I’d still like to know more about the child in question before making a lot of suggestions, but here’s one:
The sight has lots of phonics-based stories that don’t use a lot of vocabulary. I used to use it with some Russian 1st graders with learning disabilities when I was tutoring back in NYC. They loved it because, unlike the books they got from school, they were able to stumble through these books by themselves after about 4 tries, and read them fluently after about 8. The pictures are funny, and they enjoyed seeing the same characters in different books. “Zac the Rat” was a confidence builder like no other for these kids I just printed the stories out and gave the kids a new one every 3 weeks. My friend homeschools with them, using her computer. If you do it that way, the kids can interact with the stories: pronunciation/listening practice and games.[/quote]
Hi Persephone, I’ve seen the Starfall site before. As you say, they’re phonics-based stories: “decodable readers”, with each reader focusing on a particular sound.
I’ve been thinking about these kinds of books recently. A possible criticism is that the language used is very artificial. Unusual names and words juxtaposed for the sole purpose of practising phonics skills. Some experts vehemently oppose this kind of instruction. But, as you said, some kids seem to love these books! The fact that the books are decodable builds confidence and the pictures and stories are funny. And these particular books, at least, focus on the vowel sounds, which are harder than consonant sounds.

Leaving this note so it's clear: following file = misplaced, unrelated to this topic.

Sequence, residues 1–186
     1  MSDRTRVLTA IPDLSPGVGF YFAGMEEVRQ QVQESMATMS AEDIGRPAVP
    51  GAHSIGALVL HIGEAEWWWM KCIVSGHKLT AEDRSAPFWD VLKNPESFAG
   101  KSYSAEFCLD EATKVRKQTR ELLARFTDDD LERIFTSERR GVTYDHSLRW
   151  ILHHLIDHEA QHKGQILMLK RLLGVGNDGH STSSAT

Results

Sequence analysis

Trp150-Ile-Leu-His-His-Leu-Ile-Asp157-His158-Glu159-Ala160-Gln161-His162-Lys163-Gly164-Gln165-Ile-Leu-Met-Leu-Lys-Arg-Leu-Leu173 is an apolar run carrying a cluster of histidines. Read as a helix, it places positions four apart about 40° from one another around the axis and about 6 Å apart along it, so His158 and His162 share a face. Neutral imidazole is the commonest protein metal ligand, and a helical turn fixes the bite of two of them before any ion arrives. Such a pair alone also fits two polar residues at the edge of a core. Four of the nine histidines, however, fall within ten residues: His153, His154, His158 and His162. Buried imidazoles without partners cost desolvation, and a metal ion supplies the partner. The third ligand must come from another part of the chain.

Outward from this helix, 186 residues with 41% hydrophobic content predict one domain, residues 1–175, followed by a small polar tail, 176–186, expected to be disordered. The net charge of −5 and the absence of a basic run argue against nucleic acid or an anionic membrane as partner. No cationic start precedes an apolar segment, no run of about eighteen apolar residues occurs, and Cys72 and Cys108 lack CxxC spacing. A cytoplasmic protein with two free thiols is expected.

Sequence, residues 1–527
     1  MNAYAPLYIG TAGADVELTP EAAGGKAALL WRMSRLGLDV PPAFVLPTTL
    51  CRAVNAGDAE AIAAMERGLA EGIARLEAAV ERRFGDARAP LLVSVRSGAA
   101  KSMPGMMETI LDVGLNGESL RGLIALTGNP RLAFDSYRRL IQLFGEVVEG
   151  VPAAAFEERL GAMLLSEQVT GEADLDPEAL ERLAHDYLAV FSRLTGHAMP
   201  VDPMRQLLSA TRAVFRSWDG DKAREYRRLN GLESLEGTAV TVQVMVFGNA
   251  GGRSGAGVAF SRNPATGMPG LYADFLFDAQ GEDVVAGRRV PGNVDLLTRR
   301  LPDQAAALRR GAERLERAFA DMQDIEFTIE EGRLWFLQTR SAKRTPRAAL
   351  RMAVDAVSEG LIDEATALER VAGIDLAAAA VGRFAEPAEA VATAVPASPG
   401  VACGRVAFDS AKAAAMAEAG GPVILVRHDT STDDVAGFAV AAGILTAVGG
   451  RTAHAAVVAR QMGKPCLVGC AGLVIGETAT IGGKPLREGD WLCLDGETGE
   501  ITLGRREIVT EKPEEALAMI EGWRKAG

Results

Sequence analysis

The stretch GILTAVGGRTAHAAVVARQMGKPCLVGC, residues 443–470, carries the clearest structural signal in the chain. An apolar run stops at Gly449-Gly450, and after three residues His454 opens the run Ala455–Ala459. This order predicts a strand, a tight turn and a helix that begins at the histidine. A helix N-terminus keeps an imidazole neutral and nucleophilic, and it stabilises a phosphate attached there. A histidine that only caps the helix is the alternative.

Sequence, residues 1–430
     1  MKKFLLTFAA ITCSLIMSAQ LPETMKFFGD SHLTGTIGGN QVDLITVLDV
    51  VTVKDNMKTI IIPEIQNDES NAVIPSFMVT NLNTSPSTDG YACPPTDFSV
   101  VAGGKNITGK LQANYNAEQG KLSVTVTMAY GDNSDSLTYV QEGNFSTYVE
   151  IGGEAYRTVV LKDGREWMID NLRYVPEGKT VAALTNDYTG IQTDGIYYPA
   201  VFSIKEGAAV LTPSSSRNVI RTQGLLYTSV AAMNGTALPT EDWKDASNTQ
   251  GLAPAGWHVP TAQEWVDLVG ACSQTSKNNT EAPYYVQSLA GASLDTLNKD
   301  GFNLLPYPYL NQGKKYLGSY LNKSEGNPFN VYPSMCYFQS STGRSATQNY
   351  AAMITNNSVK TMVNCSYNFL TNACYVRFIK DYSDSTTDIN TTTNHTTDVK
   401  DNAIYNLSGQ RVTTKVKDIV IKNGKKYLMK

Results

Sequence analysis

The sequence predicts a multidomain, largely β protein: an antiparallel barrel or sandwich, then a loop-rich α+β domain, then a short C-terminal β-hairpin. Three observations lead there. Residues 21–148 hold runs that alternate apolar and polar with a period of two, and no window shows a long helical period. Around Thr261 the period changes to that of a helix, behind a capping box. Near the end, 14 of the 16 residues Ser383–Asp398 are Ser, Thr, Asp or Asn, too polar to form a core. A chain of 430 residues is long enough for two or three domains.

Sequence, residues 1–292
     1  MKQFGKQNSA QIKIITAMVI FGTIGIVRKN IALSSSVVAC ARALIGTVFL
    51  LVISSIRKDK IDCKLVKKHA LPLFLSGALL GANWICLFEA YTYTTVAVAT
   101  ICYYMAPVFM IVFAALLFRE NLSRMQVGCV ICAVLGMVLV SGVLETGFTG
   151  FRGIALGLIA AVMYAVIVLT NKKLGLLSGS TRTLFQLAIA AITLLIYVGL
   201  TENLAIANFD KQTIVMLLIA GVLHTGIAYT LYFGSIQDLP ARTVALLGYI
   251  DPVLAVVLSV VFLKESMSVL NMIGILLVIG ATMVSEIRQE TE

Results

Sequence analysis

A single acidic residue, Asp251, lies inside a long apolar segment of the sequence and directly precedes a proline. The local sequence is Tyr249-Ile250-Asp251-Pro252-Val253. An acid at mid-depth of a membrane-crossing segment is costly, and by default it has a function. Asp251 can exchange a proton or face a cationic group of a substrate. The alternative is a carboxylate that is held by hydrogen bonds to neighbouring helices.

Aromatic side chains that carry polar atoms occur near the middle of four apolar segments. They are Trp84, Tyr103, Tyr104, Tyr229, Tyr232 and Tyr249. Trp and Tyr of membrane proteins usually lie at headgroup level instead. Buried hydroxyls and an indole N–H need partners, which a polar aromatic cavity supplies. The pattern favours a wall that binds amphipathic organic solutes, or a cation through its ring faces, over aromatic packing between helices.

I agree that this could be a nice easy way in for the OP. After a couple of reads through of each story, he/she could ask the child to identify the sound that is common to most of the words: for example in “Zac the Rat” it’s the “short a” sound.
I haven’t read the book: “Teach Your Child to Read in 100 Easy Lessons” but it certainly has a lot of good reviews. The trouble is that it is designed for native-speaking children so unless the child already has a fair listening/speaking ability OR the OP is prepared to design a language teaching program as well, it might not be ideal.